What is cardiac catheterization?
Cardiac catheterization, sometimes called “cardiac cath,” is a procedure doctors can do to look for certain heart problems. Doctors usually do cardiac cath to understand how your heart is working or why you have symptoms such as chest pain.
Most people who have a cardiac cath have a test called “coronary angiography” done as part of the procedure. Doctors do coronary angiography to look at the arteries in a person’s heart. That way, they can see if there are any blockages in the arteries and how serious the blockages are.
Some people have a cardiac cath without having coronary angiography. Doctors can do a cardiac cath to look for problems in the heart chambers or valves (figure 1). To get information about the heart chambers or valves, doctors can measure the pressures or amounts of oxygen in the blood in different parts of the heart.
How do I prepare for a cardiac cath?
Your doctor will tell you how to prepare for your cardiac cath. You should not eat or drink anything after midnight the night before your test. Most patients are told to keep taking their medicines.
What happens during a cardiac cath?
A cardiac cath is done in the hospital. You will be awake during the procedure, but your doctor will give you medicine to help you feel relaxed.
Your doctor will make a very small cut in the top, inner part of your leg, or at your wrist. (He or she will numb this area first.) The doctor will put a thin plastic tube, called a “catheter,” in a blood vessel which is just below the cut. Then he or she will advance the tube through your blood vessels to your heart (figure 2). You will not be able to feel this. While this is happening, an X-ray will take pictures of the tube in your body. This helps your doctor know when the tube has reached the correct place in your heart.
When the tube is in place, your doctor will do tests. If you are having coronary angiography, your doctor will inject a dye into the tube that shows up on an X-ray. This dye can show if any of the arteries in your heart are clogged. Your body might feel warm during this part of the test.
If your arteries are clogged, your doctor might do a procedure to open them during the catheterization. If there is a chance you will have this procedure, your doctor will talk with you about it in his or her office before your cardiac cath. (See “Patient education: Stenting for the heart (The Basics)”.)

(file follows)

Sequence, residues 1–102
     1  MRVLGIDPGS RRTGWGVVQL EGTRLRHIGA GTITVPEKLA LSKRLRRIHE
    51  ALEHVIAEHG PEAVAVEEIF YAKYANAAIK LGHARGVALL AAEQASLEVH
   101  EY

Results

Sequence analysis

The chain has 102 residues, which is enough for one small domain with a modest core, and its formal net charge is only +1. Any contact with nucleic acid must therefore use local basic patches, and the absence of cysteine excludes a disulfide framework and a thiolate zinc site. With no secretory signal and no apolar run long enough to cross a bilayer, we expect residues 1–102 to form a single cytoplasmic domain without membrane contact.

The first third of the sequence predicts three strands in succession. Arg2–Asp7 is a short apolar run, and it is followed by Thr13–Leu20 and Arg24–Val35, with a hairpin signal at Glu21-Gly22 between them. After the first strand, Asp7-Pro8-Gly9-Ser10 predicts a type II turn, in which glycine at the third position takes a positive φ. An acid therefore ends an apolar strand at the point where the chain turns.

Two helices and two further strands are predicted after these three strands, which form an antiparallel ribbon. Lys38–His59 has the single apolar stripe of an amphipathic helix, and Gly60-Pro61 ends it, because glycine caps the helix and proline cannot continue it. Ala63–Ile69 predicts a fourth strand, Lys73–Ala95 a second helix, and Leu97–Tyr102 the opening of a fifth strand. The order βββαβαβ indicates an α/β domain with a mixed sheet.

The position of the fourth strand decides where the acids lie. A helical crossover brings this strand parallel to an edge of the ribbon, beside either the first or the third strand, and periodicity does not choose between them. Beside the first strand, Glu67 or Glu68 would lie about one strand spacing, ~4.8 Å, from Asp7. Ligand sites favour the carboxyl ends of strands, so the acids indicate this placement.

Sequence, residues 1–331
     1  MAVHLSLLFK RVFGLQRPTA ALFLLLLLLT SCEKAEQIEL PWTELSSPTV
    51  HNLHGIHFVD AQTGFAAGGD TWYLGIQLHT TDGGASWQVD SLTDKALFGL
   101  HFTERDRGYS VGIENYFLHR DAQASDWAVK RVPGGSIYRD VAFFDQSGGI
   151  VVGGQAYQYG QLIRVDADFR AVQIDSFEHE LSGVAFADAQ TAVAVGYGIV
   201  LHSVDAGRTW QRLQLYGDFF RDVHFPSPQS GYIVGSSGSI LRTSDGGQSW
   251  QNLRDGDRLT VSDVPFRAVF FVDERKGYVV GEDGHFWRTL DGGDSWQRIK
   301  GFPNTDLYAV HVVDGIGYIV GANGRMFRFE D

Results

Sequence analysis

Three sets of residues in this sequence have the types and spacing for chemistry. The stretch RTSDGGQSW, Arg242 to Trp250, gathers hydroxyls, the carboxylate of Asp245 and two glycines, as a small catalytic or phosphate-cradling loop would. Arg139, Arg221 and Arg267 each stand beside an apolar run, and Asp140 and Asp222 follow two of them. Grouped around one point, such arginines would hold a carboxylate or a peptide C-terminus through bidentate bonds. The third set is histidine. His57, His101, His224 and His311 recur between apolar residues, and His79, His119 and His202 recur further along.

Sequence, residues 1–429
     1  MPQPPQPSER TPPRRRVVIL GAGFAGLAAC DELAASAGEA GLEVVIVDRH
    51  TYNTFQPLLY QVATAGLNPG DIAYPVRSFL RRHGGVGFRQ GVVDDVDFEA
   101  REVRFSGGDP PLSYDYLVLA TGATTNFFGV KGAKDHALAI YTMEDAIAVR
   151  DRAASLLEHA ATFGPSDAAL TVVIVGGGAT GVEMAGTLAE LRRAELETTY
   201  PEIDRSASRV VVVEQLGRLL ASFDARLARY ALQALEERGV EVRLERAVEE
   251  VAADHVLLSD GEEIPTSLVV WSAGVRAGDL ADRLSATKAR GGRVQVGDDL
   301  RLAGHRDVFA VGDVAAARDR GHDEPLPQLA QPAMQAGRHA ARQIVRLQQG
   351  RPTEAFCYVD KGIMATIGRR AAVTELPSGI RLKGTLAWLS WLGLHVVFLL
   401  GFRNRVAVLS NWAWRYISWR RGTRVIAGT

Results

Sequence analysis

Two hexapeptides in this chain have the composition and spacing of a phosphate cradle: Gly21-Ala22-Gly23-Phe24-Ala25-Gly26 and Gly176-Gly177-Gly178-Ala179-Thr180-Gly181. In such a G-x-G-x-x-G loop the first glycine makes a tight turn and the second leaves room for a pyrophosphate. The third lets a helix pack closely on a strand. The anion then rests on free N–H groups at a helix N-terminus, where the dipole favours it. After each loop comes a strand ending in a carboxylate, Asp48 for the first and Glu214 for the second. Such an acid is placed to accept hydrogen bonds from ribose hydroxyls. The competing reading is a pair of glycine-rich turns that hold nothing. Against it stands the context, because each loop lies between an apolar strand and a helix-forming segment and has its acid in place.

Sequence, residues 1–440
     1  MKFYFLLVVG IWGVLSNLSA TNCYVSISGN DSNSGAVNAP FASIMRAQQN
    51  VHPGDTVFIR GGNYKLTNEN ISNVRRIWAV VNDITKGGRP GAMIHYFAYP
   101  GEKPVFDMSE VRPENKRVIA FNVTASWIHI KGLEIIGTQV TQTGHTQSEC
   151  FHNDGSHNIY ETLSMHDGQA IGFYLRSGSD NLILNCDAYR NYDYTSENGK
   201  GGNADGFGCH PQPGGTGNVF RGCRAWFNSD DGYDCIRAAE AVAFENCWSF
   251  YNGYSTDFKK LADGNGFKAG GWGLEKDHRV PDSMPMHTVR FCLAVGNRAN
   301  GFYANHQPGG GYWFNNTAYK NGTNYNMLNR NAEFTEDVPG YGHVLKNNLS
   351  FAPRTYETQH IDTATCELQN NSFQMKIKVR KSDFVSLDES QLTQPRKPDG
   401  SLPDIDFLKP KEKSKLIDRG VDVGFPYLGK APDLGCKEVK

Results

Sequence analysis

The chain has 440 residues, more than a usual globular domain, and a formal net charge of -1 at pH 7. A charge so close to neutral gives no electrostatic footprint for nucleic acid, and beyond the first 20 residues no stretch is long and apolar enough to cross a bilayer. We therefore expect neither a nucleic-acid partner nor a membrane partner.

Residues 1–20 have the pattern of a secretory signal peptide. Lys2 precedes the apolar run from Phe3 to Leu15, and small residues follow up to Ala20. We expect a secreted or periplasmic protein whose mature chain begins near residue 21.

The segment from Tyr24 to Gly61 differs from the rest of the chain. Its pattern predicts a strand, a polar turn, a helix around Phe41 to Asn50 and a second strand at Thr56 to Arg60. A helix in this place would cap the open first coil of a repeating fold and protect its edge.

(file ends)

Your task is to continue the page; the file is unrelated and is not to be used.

What happens after a cardiac cath?
After the procedure, your doctor will remove the tube from your body and put pressure on the cut to prevent bleeding. You will need to rest in the hospital for a few hours. You will probably be able to go home after that, but someone else will need to drive you. If your doctor fixes any of your arteries, you will probably need to stay in the hospital overnight.
Before you leave, your doctor will tell you when you can drive and do your usual activities again. Someone on the medical staff will also discuss your medicines with you and set up a follow-up appointment to see you in about a week. At the follow-up, you will learn about the results of your cardiac cath.
What problems can happen after a cardiac cath?
The most common problems are bleeding, bruising, and soreness in the area where the tube was put in. These problems can last for a few days, especially if the tube was put in the leg.
Other problems can happen during or after a cardiac cath, but they are uncommon. They include:
- Heart attack
- Stroke (when a part of the brain is damaged because of a problem with blood flow)
- Kidney damage
- Allergic reaction to the dye
A cardiac cath does involve a small amount of radiation. Too much radiation can cause serious health problems, such as cancer. The small amount of radiation from one (1) cardiac cath will not cause any long-term problems in many people. But your doctor will talk with you about the possible long-term side effects of radiation.
When should I call my doctor or nurse?
Call your doctor or nurse if any of the following happen after your cardiac cath:
- The area where the tube went in bleeds a lot.
- You get a fever or have pain, swelling, or redness where the tube went in.
- Your leg or hand is weak or numb